Child prostitution said to be gaining grounds in Ho
He said though the practice was not openly known, it was a reality, which needed the collaboration of stakeholders to address.
Rev. Eleblu made the observation to the GNA when the Church feted over 600 street children, widowers and widows in Ho to climax its Easter Convention.
He said the situation was getting out of hand and called on churches and other non-governmental organisations to work together to curbing the practice.
“Some of these girls are getting pregnant and we need to offer them help now,” Rev. Eleblu said.
He said girls aged 12, 13 and 14 linger around drinking bars and ghettos at the central lorry terminal and offer themselves for money and that five of such girls and other homeless young people were being housed in his church and given skills and education.
Rev. Eleblu therefore urged churches to get to the ghettos and drinking bars around the central market and take young people off the streets.
At a public forum recently Madam Commend Akpelo, the Volta Regional Chairperson of the Coalition of NGOs in Health, also noted that it appeared some children were into prostitution in the Regional capital.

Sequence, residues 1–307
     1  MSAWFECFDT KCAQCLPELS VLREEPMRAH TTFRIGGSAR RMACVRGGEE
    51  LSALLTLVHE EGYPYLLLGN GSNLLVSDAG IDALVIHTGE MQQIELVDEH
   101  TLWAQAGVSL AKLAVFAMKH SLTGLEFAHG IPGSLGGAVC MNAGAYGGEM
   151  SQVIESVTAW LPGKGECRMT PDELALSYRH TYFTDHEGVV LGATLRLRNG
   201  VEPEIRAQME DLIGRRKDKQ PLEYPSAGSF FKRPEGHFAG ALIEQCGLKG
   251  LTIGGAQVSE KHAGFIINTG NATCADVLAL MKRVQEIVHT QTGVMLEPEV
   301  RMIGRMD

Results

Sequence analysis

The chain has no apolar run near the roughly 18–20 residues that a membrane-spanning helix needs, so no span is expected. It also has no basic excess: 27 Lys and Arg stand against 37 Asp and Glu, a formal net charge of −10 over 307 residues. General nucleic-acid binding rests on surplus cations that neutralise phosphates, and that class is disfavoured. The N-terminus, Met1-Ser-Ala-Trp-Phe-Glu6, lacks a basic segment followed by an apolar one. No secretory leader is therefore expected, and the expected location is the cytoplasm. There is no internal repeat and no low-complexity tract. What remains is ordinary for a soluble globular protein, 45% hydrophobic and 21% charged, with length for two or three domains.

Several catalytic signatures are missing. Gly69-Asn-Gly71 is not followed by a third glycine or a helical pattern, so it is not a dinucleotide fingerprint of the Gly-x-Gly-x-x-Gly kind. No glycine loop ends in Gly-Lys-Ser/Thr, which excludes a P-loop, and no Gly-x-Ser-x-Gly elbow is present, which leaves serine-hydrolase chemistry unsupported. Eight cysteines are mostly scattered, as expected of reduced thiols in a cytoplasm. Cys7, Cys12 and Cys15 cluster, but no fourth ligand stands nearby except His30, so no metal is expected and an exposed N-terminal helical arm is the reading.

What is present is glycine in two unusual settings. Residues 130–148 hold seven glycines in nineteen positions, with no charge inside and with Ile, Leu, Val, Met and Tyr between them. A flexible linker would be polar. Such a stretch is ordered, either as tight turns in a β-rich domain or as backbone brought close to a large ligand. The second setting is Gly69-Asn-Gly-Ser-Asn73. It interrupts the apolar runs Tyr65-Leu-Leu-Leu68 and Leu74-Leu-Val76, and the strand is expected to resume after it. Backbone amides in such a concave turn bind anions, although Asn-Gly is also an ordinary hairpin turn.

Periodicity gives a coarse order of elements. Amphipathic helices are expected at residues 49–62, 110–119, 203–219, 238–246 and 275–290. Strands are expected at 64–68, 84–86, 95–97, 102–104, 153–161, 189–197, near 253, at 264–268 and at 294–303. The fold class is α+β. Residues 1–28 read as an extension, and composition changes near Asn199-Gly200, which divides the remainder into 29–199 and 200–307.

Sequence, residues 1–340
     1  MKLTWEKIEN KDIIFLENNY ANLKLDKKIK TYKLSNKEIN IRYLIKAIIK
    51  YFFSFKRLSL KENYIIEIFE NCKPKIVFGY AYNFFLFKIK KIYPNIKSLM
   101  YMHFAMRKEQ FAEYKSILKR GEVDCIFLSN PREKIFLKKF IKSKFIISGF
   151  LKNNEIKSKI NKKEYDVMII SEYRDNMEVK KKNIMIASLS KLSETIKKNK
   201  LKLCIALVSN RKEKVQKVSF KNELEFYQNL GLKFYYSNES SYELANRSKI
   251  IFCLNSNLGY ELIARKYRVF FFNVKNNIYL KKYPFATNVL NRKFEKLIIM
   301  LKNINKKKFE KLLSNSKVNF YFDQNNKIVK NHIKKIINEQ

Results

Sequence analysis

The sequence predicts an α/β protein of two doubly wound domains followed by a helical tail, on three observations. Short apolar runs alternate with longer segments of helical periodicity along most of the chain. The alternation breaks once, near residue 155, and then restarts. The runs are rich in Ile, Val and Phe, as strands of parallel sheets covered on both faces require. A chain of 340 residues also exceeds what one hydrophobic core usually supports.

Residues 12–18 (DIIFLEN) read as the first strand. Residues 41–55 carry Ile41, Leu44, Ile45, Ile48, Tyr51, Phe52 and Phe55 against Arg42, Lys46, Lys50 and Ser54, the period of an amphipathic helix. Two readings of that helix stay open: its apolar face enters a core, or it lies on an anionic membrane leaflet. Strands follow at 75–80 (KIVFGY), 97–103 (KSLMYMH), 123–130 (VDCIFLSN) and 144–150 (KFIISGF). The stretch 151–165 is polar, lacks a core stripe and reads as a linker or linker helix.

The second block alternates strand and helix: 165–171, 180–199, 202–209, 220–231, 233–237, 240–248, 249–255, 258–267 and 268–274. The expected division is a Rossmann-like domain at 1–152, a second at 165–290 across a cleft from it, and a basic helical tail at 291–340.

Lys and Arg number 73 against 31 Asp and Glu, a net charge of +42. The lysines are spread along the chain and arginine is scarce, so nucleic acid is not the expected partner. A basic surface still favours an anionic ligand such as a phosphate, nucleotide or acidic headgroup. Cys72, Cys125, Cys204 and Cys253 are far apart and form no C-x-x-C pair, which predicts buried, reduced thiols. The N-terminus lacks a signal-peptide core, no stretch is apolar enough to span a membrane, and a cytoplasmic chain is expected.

Speaking at the same forum, Dr. Atsu Seake-Kwawu, Ho Municipal Director of Health Services, appealed to NGOs working in the health sector to “do some field work” and come out with solutions to address child prostitution.
He said the presence of young girls at road junctions, drinking bars and in obscure areas late in the night was questionable and urged stakeholders to act quickly.
Dr. Seake-Kwawu said, “It is bad when you drive round town at night and see these girls in short dresses all over in obscure places.”
He said the situation accounted for many adolescents getting pregnant in the Municipality.
Dr. Seake-Kwawu said it was not surprising that between 13 and 20 per cent of pregnant women were girls in the Municipal area last two years.
He said only 1.7 per cent of adolescents in the Municipality accepted family planning in 2011 and called for “empowerment” of girls to curb teenage pregnancies and preventable diseases.
Dr Seake-Kwawu appealed to churches to establish youth friendly centres where young people could use their energies wisely.